Halim (Saleh Bakri) is going through a stressful period in his life. Living in the medina of the northwestern Moroccan city of Salé, he is a maalem, a master tailor who does all his work by hand, without using a sewing machine. The work he produces is exquisite. But it is also time-consuming and, in a society with increasingly low standards, fewer and fewer customers have the patience to wait for Halim’s caftans to be ready. His wife, Mina (Lubna Azabal), feels that Halim’s craft is a dying art, which is why he has so much trouble keeping apprentices.
Halim has a second problem. Although he loves his wife, he has spent his adult life hiding the fact that he is sexually attracted to men. In Morocco, homosexual behavior is illegal, punishable by three to five years in prison.
And Halim has a third, even more stressful problem. His beloved wife is dying from breast cancer that has spread.
Halim brings on a new apprentice, Youssef (Ayoub Missioui), who is different. For one thing, he appears to be serious about learning the trade. Also, he is attracted to Halim. It isn’t long before this attraction is reciprocated.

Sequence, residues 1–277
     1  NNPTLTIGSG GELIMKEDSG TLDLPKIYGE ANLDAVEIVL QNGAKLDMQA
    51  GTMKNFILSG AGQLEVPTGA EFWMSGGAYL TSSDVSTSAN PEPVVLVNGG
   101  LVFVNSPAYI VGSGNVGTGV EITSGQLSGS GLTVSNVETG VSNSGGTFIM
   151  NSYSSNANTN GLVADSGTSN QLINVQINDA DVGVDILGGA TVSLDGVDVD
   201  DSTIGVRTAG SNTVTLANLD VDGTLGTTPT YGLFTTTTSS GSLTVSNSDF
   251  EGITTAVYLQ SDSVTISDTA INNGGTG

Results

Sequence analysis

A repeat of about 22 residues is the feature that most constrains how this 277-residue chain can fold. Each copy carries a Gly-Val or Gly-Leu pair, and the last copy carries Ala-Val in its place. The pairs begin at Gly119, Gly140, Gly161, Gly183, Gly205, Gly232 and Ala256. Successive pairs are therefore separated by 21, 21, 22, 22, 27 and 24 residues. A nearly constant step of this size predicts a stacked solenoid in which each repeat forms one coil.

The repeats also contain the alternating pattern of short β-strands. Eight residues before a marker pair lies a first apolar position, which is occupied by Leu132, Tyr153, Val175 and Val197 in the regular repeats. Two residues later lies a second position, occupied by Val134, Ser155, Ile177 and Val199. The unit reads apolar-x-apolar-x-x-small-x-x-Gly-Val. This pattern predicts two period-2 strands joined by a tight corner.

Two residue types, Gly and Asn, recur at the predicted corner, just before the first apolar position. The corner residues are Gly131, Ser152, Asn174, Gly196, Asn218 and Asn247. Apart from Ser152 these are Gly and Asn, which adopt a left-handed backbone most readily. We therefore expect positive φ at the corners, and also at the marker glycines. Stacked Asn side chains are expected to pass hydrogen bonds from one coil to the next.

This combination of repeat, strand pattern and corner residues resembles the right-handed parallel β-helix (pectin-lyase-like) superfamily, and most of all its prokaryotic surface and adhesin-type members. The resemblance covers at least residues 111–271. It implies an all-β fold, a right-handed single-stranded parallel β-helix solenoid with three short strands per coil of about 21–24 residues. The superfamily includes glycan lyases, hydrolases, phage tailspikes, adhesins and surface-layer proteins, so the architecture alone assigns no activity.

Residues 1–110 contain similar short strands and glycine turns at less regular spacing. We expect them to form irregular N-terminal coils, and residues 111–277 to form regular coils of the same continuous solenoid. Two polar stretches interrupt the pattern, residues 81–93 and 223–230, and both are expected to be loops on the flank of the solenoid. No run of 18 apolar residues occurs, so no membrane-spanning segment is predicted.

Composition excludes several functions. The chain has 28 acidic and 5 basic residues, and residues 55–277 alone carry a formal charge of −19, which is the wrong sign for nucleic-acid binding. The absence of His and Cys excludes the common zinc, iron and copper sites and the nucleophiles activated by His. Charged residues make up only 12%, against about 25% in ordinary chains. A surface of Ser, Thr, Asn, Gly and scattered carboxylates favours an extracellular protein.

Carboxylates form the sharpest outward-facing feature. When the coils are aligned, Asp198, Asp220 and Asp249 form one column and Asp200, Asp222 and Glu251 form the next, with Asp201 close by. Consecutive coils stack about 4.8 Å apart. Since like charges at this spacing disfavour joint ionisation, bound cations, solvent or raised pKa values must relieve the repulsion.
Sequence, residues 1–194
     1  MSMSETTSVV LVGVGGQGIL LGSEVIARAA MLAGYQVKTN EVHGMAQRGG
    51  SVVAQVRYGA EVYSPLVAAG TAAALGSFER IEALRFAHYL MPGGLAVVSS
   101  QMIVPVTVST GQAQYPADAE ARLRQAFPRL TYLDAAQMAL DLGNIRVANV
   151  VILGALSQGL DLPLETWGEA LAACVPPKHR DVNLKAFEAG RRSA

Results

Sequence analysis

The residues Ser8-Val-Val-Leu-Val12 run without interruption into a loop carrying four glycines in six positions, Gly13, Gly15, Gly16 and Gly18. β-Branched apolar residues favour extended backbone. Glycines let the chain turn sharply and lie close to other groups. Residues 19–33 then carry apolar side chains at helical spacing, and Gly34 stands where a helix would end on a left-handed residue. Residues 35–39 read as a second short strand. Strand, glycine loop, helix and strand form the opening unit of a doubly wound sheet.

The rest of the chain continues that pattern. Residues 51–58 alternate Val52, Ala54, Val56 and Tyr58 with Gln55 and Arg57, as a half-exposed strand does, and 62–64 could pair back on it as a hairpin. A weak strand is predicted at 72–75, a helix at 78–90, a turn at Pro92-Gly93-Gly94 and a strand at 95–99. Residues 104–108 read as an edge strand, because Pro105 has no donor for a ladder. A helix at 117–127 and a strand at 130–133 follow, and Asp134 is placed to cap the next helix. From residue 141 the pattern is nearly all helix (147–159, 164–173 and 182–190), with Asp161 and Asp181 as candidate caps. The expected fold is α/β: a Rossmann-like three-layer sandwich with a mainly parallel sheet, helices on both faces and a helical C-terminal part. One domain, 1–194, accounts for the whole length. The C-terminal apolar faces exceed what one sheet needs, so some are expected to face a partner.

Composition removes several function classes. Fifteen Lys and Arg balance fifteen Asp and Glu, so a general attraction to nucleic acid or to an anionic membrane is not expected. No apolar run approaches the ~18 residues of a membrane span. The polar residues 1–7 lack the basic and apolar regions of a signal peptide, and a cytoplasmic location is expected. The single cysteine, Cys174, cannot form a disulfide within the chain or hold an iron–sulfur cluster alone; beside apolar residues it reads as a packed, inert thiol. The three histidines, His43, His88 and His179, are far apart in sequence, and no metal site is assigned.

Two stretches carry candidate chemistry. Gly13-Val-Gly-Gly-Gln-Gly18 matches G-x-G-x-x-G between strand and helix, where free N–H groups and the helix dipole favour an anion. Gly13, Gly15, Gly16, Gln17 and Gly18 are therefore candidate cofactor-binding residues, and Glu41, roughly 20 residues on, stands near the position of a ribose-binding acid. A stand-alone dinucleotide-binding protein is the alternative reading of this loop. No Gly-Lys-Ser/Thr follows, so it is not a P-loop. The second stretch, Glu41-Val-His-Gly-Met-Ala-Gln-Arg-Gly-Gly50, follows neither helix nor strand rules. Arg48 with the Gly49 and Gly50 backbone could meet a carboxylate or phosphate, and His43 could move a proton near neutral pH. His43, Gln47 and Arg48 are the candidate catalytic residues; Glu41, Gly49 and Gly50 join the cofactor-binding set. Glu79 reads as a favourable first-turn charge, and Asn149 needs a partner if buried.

The Blue Caftan Le bleu du caftan) is wonderfully made on every level.
Director Maryam Touzani, who wrote the script with her husband, Nabil Ayouch (Horses of God), presents difficult subjects with delicacy. Even a scene about harassment by local law enforcement is done carefully, as Mina and Halim disagree about how to respond. The relationship of Mina and Halim is laced with moments of joy and even humor, particularly when they mock their most annoying and entitled customers.
Saleh Bakri portrays Halim with dignity, even as he confronts one setback after another. Lubna Azabal, who starred in Maryam Touzani’s debut feature, Adam, as well as Incendies and Tel Aviv on Fire, is brilliant, as usual.
This is a radical film, not only because of its positive portrayal of a homosexual relationship and its negative portrayal of law enforcement authorities, but also for another tradition-breaking scene that comes at the end.
Oh yes, if you like the beauty of well-made clothing and the wonder of careful, high-end handicraft, The Blue Caftan is definitely for you.